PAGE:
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3 Big Future of Work Trends Every Leader Should Know About

According to one HR expert, these trends 'require immediate and intentional action' if organizations want to thrive in the future of work.

By G-Stock Studio/Shutterstock

The rise of automation, a data privacy crisis, and global economic instability make imagining the future of work extremely difficult.

We know that automation and A.I. are standardizing repetitive tasks and lowering labor costs; it’s also leaving many loyal employees out of work because of it.

To gather perspective on the workplace of the future, I sought advice from Cecile Alper-Leroux, VP of human capital management (HCM) innovation at UltimateSoftware. Every year, Alper-Leroux analyzes HR and business trends to predict the “major socio-economic, geo-political and demographic forces at play that will radically affect our workforces and workplaces.”

For 2020, she has identified three issues that “require immediate and intentional action” if organizations want to thrive in the future of work.

1. Overlooked talent in people with disabilities and older workers.

“The United States has a jobs surplus of more than one million open positions, and there are record-high labor shortages across 12 of the 15 largest world economies,” says Alper-Leroux. “At the same time, we have two large demographic groups that are underutilized in our workforce: people with disabilities and people over age 55.” 

According to the Bureau of Labor Statistics and NPR, people are living longer and retiring later, and workers 65 years of age and older are America’s fastest-growing cohort. According to the United Nations, the U.S. Census Bureau and the ADA National Network, 1.5 billion people, including 40 million Americans and 30 percent of Americans over age 65, live with a disability.

“While employers have struggled to fill open roles, people in these groups face higher rates of unemployment around the world,” says Alper-Leroux. “In 2020, organizations must make a concerted effort to reach into these untapped talent pools and create accessible, inclusive environments where these employees can thrive.”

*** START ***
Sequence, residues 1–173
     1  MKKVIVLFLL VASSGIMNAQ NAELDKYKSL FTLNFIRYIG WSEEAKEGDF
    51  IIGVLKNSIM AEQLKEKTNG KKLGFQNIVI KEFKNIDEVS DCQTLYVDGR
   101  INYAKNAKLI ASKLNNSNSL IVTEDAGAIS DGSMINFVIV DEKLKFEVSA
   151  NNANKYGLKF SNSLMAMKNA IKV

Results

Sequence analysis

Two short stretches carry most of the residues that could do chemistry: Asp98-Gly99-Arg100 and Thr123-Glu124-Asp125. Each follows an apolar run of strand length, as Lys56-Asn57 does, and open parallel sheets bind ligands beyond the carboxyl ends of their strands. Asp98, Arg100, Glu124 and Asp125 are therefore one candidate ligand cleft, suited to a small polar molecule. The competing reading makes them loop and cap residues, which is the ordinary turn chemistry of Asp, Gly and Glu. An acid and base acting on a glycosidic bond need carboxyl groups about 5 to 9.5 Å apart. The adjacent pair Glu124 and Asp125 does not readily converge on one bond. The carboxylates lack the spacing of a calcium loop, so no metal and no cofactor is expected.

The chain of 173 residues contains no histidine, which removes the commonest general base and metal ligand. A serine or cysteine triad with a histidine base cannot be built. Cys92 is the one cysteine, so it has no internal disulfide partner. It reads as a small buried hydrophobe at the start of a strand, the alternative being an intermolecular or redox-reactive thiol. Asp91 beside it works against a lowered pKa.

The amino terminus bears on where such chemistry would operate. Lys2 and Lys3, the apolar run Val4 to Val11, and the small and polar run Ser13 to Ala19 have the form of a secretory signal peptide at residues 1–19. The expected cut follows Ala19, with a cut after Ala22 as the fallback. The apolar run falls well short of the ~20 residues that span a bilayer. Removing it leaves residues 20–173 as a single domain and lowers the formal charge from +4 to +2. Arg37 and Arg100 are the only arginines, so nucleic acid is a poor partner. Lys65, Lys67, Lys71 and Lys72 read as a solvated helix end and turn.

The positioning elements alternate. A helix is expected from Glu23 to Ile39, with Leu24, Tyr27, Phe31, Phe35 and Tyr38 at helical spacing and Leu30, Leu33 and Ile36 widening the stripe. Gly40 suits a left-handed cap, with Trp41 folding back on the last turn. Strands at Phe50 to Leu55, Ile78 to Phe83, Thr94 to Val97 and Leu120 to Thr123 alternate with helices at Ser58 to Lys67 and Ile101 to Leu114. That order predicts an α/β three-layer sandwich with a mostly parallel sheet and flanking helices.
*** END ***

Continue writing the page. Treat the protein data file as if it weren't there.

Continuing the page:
Welcoming these populations into the workforce demands that executives reconsider diversity, inclusion, and accessibility: 

“We need to invest in accessible technologies and physical work facilities. In fact, leaders should consider making ‘adjustments’ for underrepresented groups rather than ‘accommodations,’ which imply a hardship for companies,” she says.

Alper-Leroux says organizations should also be prepared to work with older workers to develop more flexible work arrangements, potentially on a non-traditional, cyclical basis, rather than traditional 9-5, 40-hour workweeks.

 

2. A complicated balance: employee trust and data privacy.

Europe’s General Data Protection Regulation (GDPR) and the California Consumer Privacy Act (CCPA) are good first steps, but the global data privacy crisis is only beginning.

“Many people feel they have lost control over how their personal information is being used, and those concerns are now making their way into the workplace,” says Alper-Leroux. “Because technology companies have shifted consumer expectations around transparency, employees are now adopting those same expectations at work.” 

To maintain employee trust, executives must balance transparent data use and data privacy, and it’s up to HR to help ensure there are systems in place that walk this line well, says Alper-Leroux.

There are three data questions organizations need to answer for employees: What is being collected, why do you need it, and who controls it? Employees must know employers are gathering information for legitimate reasons and have access to that data. 

“By being transparent about employee data and privacy, organizations can strengthen employee trust, a crucial component of business success,” she says. Workforces with high trust in leadership are twice as likely to outperform in revenue growth and customer loyalty. 

 

3. Build adaptability into the workforce.

Executives talk about making organizations more adaptable, but to Alper-Leroux, it’s not about the organization:

“To survive rapid technological shifts, we must build adaptability and resilience directly into our workforces. Many organizations have paid lip service to shifting recruitment toward critical professional skills like self-awareness and empathy, but the reality is too many business leaders and recruiters are still prioritizing technical skills that may be obsolete in a few years.” 

CEOs are focused on growth, and the key to that growth is giving employees opportunities to expand their skill sets. 

“Employees consistently say that growth opportunities are one of the biggest factors in whether they will stay with their employers,” Alper-Leroux says. “HR teams will need to lead the way in providing more of these exploratory learning opportunities for employees, and executives will need to work with HR to find ways to effectively measure the impact of these adaptive skills.”

 

Originally published on Inc.

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